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Google

Google killing Chrome OS and building it into Android

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Android
Google

Google's two operating systems will soon be one. Chrome OS is going to be combined with Android, and the combined OS could be revealed as soon as next year, according to The Wall Street Journal. The Journal reports that Chrome is essentially being folded into Android, because Android has emerged as the dominant operating system by quite a long stretch. Combining the two operating systems means setting up Android to run on laptops and desktop computers, which would require big changes, as well as supporting the Google Play Store. Chromebooks will reportedly receive a new name to reflect the new OS.

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Google steps up in the war against Android bloatware

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Android
Google

This is a very important step forward in preventing OEMs and carriers from adding bloatware to devices, which is a practice that needs to be curtailed completely. No, this doesn't empower the user to remove bloatware, but it does give them control over whether those pesky apps can do anything of significance. So if you "accidentally" run one of those apps, they won't get a chance to dive into and mine your data.

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Google Adds New "Chell" Chromebook & New Coreboot Graphics Library

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Google

Google engineers have landed a bunch of new code this morning into Coreboot.

Perhaps most interesting out of today's Coreboot commits by Google is the addition of a Chell mainboard. Chell is based on the "Glados" Chromebook but with some minor changes. This "Chell" codenamed device will use an Intel Skylake SoC. Details beyond that are scarce at the moment.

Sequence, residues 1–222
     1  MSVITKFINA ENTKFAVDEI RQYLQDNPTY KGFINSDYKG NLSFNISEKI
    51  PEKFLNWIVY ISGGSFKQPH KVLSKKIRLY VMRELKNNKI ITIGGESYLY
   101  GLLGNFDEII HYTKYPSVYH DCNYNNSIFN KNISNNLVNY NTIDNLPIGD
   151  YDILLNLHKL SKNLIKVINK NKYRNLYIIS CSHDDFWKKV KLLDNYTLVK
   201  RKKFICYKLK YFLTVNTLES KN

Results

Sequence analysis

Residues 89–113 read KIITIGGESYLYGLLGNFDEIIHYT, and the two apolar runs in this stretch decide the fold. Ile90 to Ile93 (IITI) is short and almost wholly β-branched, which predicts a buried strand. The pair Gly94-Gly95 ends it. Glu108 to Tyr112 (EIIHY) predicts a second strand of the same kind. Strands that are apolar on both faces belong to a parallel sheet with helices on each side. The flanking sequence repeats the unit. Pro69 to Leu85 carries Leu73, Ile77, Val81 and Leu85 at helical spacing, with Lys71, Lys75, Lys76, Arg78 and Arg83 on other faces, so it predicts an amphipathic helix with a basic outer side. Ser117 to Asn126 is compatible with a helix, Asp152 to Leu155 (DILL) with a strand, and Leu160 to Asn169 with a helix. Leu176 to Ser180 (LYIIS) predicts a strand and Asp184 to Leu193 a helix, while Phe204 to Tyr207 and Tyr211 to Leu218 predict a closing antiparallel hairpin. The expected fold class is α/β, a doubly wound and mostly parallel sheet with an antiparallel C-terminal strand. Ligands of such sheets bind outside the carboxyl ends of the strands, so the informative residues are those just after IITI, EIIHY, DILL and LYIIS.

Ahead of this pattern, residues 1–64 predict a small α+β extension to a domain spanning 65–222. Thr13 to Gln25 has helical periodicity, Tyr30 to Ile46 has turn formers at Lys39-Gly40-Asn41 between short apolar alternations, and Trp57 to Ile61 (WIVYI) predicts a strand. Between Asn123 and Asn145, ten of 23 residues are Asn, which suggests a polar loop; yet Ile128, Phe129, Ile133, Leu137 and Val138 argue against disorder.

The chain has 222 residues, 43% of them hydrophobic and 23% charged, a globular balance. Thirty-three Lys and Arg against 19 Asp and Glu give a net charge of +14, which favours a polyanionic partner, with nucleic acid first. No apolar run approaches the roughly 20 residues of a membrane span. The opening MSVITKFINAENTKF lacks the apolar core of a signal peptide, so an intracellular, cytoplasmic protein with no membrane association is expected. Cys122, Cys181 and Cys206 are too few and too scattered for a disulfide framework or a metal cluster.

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Also: Google's CPUFreq "Interactive" Governor Looks To Go Mainline

A History of Android Market Share: How Google's Mobile Operating System Dominated the Globe

Filed under
Android
Google

But Android may, in fact, be too successful. Although Google gives Android away for free, it benefits, as Android owners are encouraged to use Google's many Web services. Unfortunately for the search giant, Android's dominance has attracted the interest of regulators.

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Google Nexus 5X review: the peoples' Android phone?

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Google
Reviews

The Nexus 5X is a brilliant phone, with only minor downsides. The biggest is lacklustre battery life. It generally lasts a day, but no more, which is disappointing.

The camera is excellent, the fingerprint scanner fantastic, it’s snappy, has a great screen and is both light and relatively small in a smartphone landscape dominated by phones with screens larger than 5.5in.

It’s well future-proofed, apart from the lack of wireless charging, and is excellent value. The Nexus 5X is arguably the best smartphone available for around £350, but buy the 32GB version as 16GB of storage just isn’t enough.

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HP Linux

Filed under
GNU
Linux
Server
Google
Hardware
  • HP launches OpenSwitch community, new open source NOS

    HP has launched the OpenSwitch community and a new open source network operating system (NOS).

    HP and key supporters, Accton Technology Corporation, Arista, Broadcom, Intel, and VMWare, are delivering a community-based platform that provides developers and users the ability to accelerate innovation, avoid vendor lock-in and realize investment protection as they rapidly build data center networks customized for unique business applications.

  • HP announces refreshed Chromebook 14 w/ full HD display, new Sky Blue color option

    HP today has taken the wraps off a refreshed lineup of Chromebooks. In a press release, the company revealed a new Chromebook 14 lineup with hardware and cosmetic improvements. In addition to a 14-inch model with a 1366×768 display, HP is also offering a model with a full 1080p HD display.